Adrian Carter is an associate professor and director of Community Engagement and Neuroethics at the Turner Institute for Brain and Mental Health and the School of Psychological Sciences at Monash University. Dr. Carter has been an advisor to the World Health Organization (WHO), the European Monitoring Centre for Drugs and Drug Addiction, the Australian Ministerial Council on Drugs Strategy and United Nations Office on Drugs and Crime.
1. What’s the first thing you do when you get to work in the morning?
I don’t check emails. I’ve realized that you can easily spend the first few hours of a day responding to overnight emails before you even think about the things that you want to do.
2. What’s your work routine like?
My day usually begins with some form of yoga, mediation or stretching. I then start my day by thinking about what is it that I want to achieve as well as those things that I need to get done and plan my day accordingly. I try to get the hardest thing done first while I’m freshest. I save mornings for deep thinking and may work from home in the mornings if I am writing. Ideally, I will go for a run or exercise before lunch in order to break up the day and refresh before afternoon meetings. This is in an ideal world.
3. Are you involved in the theoretical, investigative, or the practical/translational aspect of neuroethics? Describe your research area briefly.
All three, although my research leans towards investigative and translational aspects. I am curious about how neuroscience knowledge and the technology it produces changes the way that we understand ourselves and treat others. Initially, my focus was on addiction, mental illness and neurological disorders, but I am increasingly interested in how we use neuroscience and neurotechnology to order our behaviour and structure society. I use social science methods to engage with a wide array of stakeholders to ensure that we innovate neurotechnology responsibly.
4. What’s a challenge that you face on a daily basis as a neuroethicist?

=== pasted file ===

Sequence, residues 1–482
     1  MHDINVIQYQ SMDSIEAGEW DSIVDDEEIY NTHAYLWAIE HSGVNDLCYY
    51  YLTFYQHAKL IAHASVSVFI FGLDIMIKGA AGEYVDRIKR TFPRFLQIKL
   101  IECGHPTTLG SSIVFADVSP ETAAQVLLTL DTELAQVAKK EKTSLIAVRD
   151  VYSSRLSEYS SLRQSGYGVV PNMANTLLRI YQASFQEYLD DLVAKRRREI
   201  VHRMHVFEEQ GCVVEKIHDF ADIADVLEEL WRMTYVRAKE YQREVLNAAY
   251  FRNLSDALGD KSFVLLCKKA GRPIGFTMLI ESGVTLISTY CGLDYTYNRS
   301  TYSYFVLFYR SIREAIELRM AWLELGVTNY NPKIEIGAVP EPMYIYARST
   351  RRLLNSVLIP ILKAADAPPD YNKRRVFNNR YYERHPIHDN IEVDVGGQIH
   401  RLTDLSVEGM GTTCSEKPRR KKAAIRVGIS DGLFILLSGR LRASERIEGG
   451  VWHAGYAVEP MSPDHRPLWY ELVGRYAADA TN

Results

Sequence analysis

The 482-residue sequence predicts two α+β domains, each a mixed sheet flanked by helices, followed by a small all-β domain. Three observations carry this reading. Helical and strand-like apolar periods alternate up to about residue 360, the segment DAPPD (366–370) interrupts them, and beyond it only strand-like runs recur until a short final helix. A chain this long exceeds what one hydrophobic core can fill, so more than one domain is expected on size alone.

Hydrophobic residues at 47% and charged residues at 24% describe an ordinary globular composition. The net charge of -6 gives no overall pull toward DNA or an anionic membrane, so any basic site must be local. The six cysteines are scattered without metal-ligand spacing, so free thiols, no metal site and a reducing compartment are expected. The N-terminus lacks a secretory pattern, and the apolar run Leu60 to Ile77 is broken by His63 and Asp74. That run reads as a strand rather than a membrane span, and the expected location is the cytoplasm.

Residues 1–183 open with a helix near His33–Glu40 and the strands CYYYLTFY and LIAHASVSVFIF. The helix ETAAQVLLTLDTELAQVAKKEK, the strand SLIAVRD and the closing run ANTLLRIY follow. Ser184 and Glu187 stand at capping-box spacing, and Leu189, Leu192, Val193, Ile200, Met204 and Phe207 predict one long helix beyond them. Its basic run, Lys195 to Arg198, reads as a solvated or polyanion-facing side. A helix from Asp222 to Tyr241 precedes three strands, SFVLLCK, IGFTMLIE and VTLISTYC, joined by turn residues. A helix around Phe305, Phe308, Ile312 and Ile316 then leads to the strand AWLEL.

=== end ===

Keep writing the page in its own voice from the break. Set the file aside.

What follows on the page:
Keeping focused on a manageable range of projects. Like most academics in this area, I’m curious about a wide variety of issues, and I’m energized by working with people from different disciplines. However, this can leave you spread a little thin. Keeping on top of a wide scope of literature, topics and approaches can be challenging, particularly if you’re prone to imposter syndrome like I am.
5. How do you determine what questions deserve the most focus and attention in your work?
By what excites me most. These are usually areas that are neglected or not given what I believe is due consideration. I am particularly drawn to perspectives of those less served in society or the most vulnerable. I think historically, neuroethics and bioethics have given undue attention to questions affecting the more affluent and powerful in society, particularly the impact of expensive high tech solutions available to a select few, and less attention on issues facing the majority of society. It is important to consider more low tech, policy or public health solutions that address the social drivers of health and wellbeing. These are less attractive to funding bodies and journals, but are more likely to have a bigger impact on a wider segment in society. Thankfully this is beginning to change.